It looked like there would be a wedding sometime today.

But for now, there were perhaps a hundred tourists milling around inside, snapping pictures. When I looked toward the far end of the cathedral, suddenly each section was lit up one by one, until I could see nothing but beautiful golds and blues and greens and reds along the walls and upon the ceiling. Tens of thousands of tesserae illuminated the church like priceless jewels with a breathtaking result.

It was magical.

Mosaics dripped from the walls: saints and prophets reposed on the choir walls, Seraphim and Cherubs decorated the vault, while the majestic figure of Christ Pantocrator loomed high in the apse, along with the Virgin Mary, Archangels and apostles.

Suddenly I heard voices start to sing a few stanzas, which then stopped. Near the altar stood 4 members of what must be the choir, readying themselves for the wedding that would soon take place. With some rustling of sheet music and cleared throats, they began to sing again.

I stopped walking, the opening chords of one of my favorite hymns – Ave Maria – resonated in my heart. Their voices echoed off the cathedral walls, then soared to the ceiling and back around, enveloping me. Their voices lifted me until I felt goosebumps (“God-bumps”).

The sound – the feeling – the place – were all so profoundly sacred that the tears flowed as I leaned against the marble wall.

At that moment, in a small town of winding cobblestone streets and a Norman cathedral built with love and care by craftsmen long since departed, there was nothing else but angels singing Ave Maria.

Just then, something caught my attention and I looked toward the massive door that was open to the square outside. The sky darkened and the trees stirred in what had been still, humid air. Tourists scurried inside to escape the abrupt change in weather, their scarves whipped around their faces from the sudden gusts. As the wind pressed through the church, I knew the Holy Spirit had just sanctified all those present.

Mysterious, unseen, refreshing. Gale force outside, a gentle whisper upon my cheek inside.

A blessing received upon on all those who gathered here on this day.

The tourists in their shorts and baseball caps, seated in the far rear of the church. The choir members in their black robes, arranged to one side of the altar. The wedding guests in all of their finery, anxiously awaiting the start of the ceremony. The priest at the altar, the groom at the head of the aisle, and the bride standing quietly next to her father, waiting for her new life to begin.

All were blessed.

The bride’s veil stirred in the now-gentle breeze as she worked to tear the ribbon blocking the aisle, a tradition unknown to some of us, but obviously important to her. I stood in the shadows, on holy ground, watching as the bride, with a triumphant smile, tore apart the ribbon to a crescendo of clapping and shouts of joy from the self-appointed tourist guests.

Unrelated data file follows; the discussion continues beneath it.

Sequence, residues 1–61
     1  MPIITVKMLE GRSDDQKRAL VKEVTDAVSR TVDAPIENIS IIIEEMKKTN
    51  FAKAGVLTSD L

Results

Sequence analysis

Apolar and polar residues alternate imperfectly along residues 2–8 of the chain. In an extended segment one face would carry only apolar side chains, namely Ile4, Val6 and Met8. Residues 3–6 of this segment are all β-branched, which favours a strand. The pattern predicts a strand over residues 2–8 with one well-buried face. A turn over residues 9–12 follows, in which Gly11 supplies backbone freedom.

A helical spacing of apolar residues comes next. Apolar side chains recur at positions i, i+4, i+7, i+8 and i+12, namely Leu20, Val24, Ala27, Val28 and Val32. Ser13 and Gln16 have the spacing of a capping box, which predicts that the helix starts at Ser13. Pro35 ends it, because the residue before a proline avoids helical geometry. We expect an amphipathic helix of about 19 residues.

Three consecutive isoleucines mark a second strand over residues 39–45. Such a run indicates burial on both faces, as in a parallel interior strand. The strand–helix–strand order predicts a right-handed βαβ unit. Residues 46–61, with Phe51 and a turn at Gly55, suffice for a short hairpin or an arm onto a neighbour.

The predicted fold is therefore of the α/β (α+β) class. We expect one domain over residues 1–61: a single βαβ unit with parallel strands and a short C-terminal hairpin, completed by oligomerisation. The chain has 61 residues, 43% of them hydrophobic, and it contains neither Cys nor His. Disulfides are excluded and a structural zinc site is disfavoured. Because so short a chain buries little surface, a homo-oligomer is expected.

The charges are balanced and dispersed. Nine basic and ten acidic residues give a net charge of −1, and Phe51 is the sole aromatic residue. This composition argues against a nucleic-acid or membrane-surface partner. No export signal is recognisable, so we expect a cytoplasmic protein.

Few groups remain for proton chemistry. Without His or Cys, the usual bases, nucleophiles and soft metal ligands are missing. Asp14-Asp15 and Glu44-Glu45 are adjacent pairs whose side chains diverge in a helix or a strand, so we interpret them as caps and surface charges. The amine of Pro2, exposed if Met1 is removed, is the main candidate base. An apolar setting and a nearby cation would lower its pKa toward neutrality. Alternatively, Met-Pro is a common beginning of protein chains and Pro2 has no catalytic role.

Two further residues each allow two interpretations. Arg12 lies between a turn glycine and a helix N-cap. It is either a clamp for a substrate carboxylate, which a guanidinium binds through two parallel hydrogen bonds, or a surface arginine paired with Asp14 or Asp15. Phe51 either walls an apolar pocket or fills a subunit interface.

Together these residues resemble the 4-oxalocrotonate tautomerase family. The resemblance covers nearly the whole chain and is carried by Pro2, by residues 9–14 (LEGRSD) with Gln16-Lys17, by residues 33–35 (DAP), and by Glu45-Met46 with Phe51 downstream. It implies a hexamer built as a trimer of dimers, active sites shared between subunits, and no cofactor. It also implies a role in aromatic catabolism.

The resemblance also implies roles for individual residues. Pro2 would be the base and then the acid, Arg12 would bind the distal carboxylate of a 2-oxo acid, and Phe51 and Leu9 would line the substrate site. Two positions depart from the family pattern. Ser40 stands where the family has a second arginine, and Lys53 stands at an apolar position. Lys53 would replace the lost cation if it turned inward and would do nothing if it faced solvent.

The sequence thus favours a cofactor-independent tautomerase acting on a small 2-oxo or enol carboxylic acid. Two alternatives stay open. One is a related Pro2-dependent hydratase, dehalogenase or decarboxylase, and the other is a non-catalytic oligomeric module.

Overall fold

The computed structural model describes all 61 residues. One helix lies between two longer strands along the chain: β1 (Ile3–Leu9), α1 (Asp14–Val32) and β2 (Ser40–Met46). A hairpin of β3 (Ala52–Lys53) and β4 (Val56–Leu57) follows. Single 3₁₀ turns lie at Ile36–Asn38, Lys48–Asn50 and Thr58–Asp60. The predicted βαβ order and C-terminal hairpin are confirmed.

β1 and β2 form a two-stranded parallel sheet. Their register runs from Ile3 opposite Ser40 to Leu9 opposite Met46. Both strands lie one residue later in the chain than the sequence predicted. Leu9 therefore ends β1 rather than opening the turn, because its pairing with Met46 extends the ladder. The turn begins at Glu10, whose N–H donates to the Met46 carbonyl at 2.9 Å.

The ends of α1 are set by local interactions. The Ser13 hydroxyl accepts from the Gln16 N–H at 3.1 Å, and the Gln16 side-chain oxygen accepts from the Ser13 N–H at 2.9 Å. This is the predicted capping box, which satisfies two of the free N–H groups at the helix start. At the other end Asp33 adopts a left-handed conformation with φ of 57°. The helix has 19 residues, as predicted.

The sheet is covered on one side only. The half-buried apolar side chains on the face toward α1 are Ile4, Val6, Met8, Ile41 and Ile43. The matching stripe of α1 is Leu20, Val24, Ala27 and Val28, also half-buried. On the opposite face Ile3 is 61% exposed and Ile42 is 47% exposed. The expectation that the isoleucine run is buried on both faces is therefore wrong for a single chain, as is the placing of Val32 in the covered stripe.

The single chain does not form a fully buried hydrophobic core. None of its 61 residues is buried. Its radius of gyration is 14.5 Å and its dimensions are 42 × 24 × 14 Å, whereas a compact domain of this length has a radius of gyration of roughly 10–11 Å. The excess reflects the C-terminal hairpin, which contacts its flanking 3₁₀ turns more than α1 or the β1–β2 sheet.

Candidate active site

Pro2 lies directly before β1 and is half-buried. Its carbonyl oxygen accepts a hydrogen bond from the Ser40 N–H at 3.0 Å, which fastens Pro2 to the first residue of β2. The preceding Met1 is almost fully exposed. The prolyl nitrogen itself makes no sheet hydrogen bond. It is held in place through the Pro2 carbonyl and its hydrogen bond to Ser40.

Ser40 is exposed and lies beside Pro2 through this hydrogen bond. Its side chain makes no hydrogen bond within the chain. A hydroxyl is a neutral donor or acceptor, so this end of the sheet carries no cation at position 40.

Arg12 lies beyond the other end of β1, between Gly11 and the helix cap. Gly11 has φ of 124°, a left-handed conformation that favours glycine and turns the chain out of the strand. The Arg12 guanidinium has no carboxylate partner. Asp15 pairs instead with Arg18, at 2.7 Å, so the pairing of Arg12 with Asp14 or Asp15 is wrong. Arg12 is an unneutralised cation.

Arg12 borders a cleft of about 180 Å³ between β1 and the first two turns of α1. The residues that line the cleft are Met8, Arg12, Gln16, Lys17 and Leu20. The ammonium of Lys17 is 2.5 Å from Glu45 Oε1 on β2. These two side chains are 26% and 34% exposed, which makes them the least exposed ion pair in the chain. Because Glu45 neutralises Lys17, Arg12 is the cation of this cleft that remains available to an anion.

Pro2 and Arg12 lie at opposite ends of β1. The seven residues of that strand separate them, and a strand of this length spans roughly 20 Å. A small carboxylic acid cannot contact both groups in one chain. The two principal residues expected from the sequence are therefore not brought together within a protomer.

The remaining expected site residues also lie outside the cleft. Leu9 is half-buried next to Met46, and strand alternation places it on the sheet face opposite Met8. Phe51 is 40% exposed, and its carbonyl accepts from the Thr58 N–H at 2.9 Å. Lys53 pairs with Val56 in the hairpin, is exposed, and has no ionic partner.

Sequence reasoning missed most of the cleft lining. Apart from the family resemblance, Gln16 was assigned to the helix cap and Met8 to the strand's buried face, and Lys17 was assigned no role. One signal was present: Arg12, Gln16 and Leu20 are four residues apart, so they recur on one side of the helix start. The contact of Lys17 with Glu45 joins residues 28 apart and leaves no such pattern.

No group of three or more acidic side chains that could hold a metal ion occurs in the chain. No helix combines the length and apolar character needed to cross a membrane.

At last, she made her way up the aisle. Toward the Christ Pantocrator, her friends and family, and her love. Toward her future.

May the bride and groom who were joined together on that day know only a life together filled with happiness. And love.

For the greatest of these is love.

My thanks for allowing me the privilege of baring witness to Your Spirit.

And now these three remain:
faith, hope and love.
But the greatest of these is love.
  ~ 1 Corinthians 13:13 ~



butterfly III

by Mary Ann Radmacher

Because I call it challenge rather than crisis;

because I look at hardship as opportunity instead of obstacle;

because, at the end of a matter, I ask,
“What will I learn from this to make me better?”;

because I take a deep breath and do the difficult thing first;

because my courage does not depend on the weather,
the economic forecast or the winds of whim;

because I know the most significant elements in my day
are laughter, learning and applying my efforts
to each endeavor;

because of these things each morning is a pleasure
and every day passed is a success.


In the Twilight of Memory

waterfall gibran

The Farewell
from The Prophet
by Kahlil Gibran

Farewell to you and the youth I have spent with you.
It was but yesterday we met in a dream.
You have sung to me in my aloneness,
and I of your longings have built a tower in the sky.
But now our sleep has fled and our dream is over,
and it is no longer dawn.
The noontide is upon us and our half-waking has turned to fuller day,
and we must part.
If in the twilight of memory we should meet once more,
we shall speak again together and
you shall sing to me a deeper song.
And if our hands should meet in another dream
we shall build another tower in the sky.


For all those who have lost a beloved,
may you meet and speak and love once again
while singing a deeper song.
~ Theresa